Angular Momentum Transport in Protoplanetary and Black Hole Accretion Disks: The Role of Parasitic Modes in the Saturation of MHD Turbulence
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The magnetorotational instability (MRI) is considered a key process for driving efficient angular momentum transport in astrophysical disks. Understanding its nonlinear saturation constitutes a fundamental problem in modern accretion disk theory. The large dynamical range in physical conditions in accretion disks makes it challenging to address this problem only with numerical simulations. We analyze the concept that (secondary) parasitic instabilities are responsible for the saturation of the MRI. Our approach enables us to explore dissipative regimes that are relevant to astrophysical and laboratory conditions that lie beyond the regime accessible to current numerical simulations. We calculate the spectrum and physical structure of parasitic modes that feed off the fastest, exact (primary) MRI mode when its amplitude is such that the fastest parasitic mode grows as fast as the MRI. We argue that this "saturation" amplitude provides an estimate of the magnetic field that can be generated by the MRI before the secondary instabilities suppress its growth significantly. Recent works suggest that the saturation amplitude of the MRI depends mainly on the magnetic Prandtl number. Our results suggest that, as long as viscous effects do not dominate the fluid dynamics, the saturation level of the MRI depends only on the Elsasser number ¿¿. We calculate the ratio between the stress and the magnetic energy density, asatßsat, associated with the primary MRI mode. We find that for ¿¿gt1 Kelvin-Helmholtz modes are responsible for saturation and asatßsat = 0.4, while for ¿¿ <1 tearing modes prevail and asatßsat ~= 0.5 ¿¿. Several features of numerical simulations designed to address the saturation of the MRI in accretion disks surrounding young stars and compact objects can be interpreted in terms of our findings.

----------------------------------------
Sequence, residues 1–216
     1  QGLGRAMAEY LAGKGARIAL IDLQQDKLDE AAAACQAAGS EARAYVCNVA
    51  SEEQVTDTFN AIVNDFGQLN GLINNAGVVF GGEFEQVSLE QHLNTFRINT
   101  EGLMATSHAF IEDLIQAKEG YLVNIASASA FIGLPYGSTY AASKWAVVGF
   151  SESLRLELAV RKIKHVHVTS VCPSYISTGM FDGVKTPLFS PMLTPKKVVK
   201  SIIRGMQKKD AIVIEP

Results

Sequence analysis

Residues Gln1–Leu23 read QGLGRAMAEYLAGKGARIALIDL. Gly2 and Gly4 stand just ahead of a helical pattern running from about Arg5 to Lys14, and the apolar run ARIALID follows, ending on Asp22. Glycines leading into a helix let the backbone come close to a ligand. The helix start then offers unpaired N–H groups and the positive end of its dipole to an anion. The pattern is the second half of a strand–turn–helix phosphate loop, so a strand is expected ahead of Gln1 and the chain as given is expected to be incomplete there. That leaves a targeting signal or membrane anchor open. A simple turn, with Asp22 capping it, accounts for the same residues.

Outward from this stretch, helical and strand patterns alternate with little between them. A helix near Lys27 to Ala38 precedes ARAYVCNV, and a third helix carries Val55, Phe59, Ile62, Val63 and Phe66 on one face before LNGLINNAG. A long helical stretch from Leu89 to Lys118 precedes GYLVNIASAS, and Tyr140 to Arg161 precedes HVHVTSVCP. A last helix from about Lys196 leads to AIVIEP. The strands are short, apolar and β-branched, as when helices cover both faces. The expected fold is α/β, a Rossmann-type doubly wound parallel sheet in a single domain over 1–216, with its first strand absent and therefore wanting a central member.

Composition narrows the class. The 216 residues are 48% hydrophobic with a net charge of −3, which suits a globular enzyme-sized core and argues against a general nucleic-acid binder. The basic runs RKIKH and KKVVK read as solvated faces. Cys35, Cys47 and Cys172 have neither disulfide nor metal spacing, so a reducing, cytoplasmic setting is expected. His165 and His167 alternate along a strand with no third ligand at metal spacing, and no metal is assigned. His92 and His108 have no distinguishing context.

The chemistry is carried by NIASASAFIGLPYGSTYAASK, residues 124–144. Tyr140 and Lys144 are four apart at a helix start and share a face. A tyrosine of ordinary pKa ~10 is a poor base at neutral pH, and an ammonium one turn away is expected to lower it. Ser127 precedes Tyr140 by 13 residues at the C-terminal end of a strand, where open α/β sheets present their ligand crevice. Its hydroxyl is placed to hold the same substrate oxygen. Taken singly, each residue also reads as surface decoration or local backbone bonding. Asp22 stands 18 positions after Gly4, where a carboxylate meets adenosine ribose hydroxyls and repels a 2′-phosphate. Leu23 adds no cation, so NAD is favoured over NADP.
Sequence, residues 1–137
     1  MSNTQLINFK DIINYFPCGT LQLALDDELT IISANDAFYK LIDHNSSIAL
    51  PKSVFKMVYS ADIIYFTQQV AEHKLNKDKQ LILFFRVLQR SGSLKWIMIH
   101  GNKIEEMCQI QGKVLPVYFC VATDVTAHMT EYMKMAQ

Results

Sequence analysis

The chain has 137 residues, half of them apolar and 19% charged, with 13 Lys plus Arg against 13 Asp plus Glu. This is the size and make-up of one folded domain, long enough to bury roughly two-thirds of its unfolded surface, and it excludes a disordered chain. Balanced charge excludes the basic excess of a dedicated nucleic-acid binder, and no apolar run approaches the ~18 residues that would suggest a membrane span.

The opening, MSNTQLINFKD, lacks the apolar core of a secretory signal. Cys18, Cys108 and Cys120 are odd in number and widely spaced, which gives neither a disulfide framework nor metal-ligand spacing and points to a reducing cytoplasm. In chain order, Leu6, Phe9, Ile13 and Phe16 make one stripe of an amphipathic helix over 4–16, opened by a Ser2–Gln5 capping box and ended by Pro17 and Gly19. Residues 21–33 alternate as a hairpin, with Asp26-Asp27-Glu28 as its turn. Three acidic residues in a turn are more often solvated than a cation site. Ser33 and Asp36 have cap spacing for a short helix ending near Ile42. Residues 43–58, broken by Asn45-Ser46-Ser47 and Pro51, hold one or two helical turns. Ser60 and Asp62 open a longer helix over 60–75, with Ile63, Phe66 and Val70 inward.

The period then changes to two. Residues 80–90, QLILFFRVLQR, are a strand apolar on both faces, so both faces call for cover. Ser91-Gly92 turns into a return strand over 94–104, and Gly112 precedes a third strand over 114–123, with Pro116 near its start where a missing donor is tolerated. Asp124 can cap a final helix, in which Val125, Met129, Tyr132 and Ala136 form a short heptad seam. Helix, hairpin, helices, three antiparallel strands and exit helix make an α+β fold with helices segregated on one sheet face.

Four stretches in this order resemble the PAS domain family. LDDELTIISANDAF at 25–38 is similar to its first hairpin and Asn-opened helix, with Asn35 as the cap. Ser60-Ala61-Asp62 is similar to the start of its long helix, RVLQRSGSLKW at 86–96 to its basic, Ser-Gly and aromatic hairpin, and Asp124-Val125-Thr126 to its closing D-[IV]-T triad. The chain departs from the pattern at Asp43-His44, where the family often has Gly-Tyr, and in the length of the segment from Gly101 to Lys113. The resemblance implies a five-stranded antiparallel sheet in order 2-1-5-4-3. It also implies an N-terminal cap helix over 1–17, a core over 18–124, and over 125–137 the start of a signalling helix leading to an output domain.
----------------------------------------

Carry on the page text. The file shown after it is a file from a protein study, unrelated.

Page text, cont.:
|Tidsskrift||The Astrophysical Journal, Volume 716, Issue 2, pp. 1012-1027 (2010).|
|Status||Udgivet - 1 jun. 2010|